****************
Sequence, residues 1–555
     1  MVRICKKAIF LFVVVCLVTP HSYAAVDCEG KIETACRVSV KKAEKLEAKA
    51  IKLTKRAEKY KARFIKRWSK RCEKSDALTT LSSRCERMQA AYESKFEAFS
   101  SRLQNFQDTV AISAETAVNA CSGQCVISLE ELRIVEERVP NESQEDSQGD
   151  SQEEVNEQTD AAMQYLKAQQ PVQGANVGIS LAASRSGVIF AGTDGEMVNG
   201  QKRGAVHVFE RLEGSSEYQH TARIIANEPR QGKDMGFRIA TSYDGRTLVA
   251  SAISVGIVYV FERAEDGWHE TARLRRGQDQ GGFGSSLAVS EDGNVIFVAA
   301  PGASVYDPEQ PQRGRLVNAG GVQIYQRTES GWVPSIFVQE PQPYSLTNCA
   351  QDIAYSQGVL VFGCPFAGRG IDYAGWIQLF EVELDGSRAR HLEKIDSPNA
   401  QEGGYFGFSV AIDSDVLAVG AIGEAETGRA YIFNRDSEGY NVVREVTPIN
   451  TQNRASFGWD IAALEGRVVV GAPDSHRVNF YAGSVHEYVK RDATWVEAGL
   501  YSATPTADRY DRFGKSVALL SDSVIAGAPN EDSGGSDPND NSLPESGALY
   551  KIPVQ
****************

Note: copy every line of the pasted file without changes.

Sequence, residues 1–555
     1  MVRICKKAIF LFVVVCLVTP HSYAAVDCEG KIETACRVSV KKAEKLEAKA
    51  IKLTKRAEKY KARFIKRWSK RCEKSDALTT LSSRCERMQA AYESKFEAFS
   101  SRLQNFQDTV AISAETAVNA CSGQCVISLE ELRIVEERVP NESQEDSQGD
   151  SQEEVNEQTD AAMQYLKAQQ PVQGANVGIS LAASRSGVIF AGTDGEMVNG
   201  QKRGAVHVFE RLEGSSEYQH TARIIANEPR QGKDMGFRIA TSYDGRTLVA
   251  SAISVGIVYV FERAEDGWHE TARLRRGQDQ GGFGSSLAVS EDGNVIFVAA
   301  PGASVYDPEQ PQRGRLVNAG GVQIYQRTES GWVPSIFVQE PQPYSLTNCA
   351  QDIAYSQGVL VFGCPFAGRG IDYAGWIQLF EVELDGSRAR HLEKIDSPNA
   401  QEGGYFGFSV AIDSDVLAVG AIGEAETGRA YIFNRDSEGY NVVREVTPIN
   451  TQNRASFGWD IAALEGRVVV GAPDSHRVNF YAGSVHEYVK RDATWVEAGL
   501  YSATPTADRY DRFGKSVALL SDSVIAGAPN EDSGGSDPND NSLPESGALY
   551  KIPVQ